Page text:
But there are those who will take advantage of the situation—those who take the opportunity to grope, and get off. Dr. Berger says, “That’s all too common. They know from enough people that this is a psychiatric problem. That’s why they have the signs up.”

“We just don’t know frequency…. sometimes you get thrown up against a man and you don’t slap him, it’s just an awkward situation,” he added. Essentially he’s saying, a lot of times, we just let it go, that when it comes to frotteurism, a lot of incidents go unreported.

Frotteurism also falls under the umbrella of “courtship disorders.” One of the first individuals to assign such a title to sexual deviances was Havelock Ellis, who in 1933 referred to exhibitionism as a “symbolic act based on a perversion of courtship.” A few years later, Freud and his colleagues stepped in to dress up the definition. They identified “four general examples of courtship disorder,” the third of which related to tactile interaction. That’s where frotteurism gets introduced.

In a lot of cases, these paraphilias can overlap in patients. Kurt Freund and Michael C. Seto write, “Previous research has demonstrated that voyeurism, exhibitionism, and frotteurism are relatively likely to co-occur.” But frotteurism is unique from the other paraphilias in one very distinct way, and it relates to matters of consent.

Living in a city, it’s all but impossible to avoid touching other people, even when you’re least in the mood for unwanted contact. So frotteurs have a pretty big playground to act on. But Berger helped contextualize this for me when he said, “We know masochism, sadism are much more common. We know, because those behaviors are consensual. Part of the diagnosis of frotteurism is that it’s not consensual. I could go on the Internet and find people who wanted to have masochistic or sadistic sexual interactions. If I’m that kind of person, and they’re that kind of person, we can get together. However, if it’s consensual by nature, it’s not frotteurism.”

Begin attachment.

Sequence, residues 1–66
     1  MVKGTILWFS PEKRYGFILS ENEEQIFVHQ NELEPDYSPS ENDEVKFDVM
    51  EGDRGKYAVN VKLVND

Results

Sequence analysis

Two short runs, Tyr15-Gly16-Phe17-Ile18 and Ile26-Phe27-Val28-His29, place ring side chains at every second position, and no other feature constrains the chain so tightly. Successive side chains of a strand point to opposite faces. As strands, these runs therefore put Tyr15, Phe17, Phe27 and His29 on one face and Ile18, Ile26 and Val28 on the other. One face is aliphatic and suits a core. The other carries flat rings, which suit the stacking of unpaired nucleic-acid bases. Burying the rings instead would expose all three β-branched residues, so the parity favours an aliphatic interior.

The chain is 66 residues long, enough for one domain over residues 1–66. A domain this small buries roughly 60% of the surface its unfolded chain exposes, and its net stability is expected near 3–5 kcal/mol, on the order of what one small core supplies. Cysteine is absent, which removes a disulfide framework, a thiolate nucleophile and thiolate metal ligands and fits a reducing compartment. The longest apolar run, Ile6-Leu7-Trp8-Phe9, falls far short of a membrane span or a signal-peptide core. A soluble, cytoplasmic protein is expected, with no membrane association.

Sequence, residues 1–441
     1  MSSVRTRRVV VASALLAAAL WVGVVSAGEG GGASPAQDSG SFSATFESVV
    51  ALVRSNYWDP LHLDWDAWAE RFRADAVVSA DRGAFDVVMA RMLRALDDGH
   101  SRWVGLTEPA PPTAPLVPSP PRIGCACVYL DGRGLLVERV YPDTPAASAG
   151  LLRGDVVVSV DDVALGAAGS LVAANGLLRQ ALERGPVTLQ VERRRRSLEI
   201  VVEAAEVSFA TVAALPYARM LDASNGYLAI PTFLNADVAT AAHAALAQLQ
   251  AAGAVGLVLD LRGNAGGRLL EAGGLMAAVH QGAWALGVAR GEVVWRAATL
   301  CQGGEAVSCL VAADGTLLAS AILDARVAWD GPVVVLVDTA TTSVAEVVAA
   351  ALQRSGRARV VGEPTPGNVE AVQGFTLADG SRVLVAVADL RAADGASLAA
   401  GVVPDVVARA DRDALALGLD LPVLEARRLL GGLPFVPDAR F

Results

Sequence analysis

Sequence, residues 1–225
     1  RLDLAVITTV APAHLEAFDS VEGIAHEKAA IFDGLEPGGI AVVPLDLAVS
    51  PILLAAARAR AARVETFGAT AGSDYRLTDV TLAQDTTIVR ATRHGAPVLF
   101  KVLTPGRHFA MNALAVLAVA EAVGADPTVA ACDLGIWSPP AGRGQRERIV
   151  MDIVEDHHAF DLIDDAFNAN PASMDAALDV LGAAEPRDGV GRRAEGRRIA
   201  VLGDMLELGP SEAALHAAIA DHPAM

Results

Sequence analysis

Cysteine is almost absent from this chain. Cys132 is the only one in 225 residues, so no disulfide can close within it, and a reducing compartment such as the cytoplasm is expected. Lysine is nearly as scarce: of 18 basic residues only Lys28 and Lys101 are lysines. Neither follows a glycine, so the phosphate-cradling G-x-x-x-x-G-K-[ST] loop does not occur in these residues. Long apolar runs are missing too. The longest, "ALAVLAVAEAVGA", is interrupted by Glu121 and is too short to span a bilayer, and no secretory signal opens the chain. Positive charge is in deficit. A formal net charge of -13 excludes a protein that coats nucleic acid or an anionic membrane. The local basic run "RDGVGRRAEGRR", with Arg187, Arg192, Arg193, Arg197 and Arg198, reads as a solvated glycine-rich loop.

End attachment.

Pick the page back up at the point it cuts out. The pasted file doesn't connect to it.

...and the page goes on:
The insight is interesting. But can we determine the prevalence of this paraphilia by how organized the "community" is? It’s not like we’re going to stumble upon a “frotteurs anonymous” meeting. My Google search yielded zero results. Groping a stranger without her consent is a criminal act, and there are very real legal consequences. So most people probably don’t want to go incriminating themselves online.

Frotteurism Gets a Facelift

The principles of frotteurism have been bent and borrowed by some in the gay community. Going “frotting” is now a far cry from being a frotteur.

Frottage, as it applies to the gay community, refers to rubbing, grinding, dry humping and other non-penetrative contact between two willing partners. Clothes are optional. Some guys are into “bumping butts.” Others opt to rub their penises together. There are a lot of ways to frot, but most have the same end goal in mind: climax. 

There are websites that provide frotting enthusiasts a place to get together with like-minded partners. Participants engage in “phallus-to-phallus, face-to-face and heart-to-heart” sex. Others choose to start with frotting, before going further. On one forum, a user writes, “I love the sensation that this type of rubbing between two men gives… it makes a great way to get ready for either oral sex or anal sex.”

But why has the trend taken off? Isn’t frotting just one big tease? Isn’t penetrative sex, in any of its forms, always preferable to non-penetrative stimulation? In short, no.

When asked about frotting, one friend tells me, “Imagine if you have two tops, if neither wants to be penetrated, where does that leave them? Plus, friction does lead to pleasure. It’s mental, too.” 

Carrie Weisman is an AlterNet staff writer who focuses on sex, relationships and culture. Got tips, ideas or a first-person story? Email her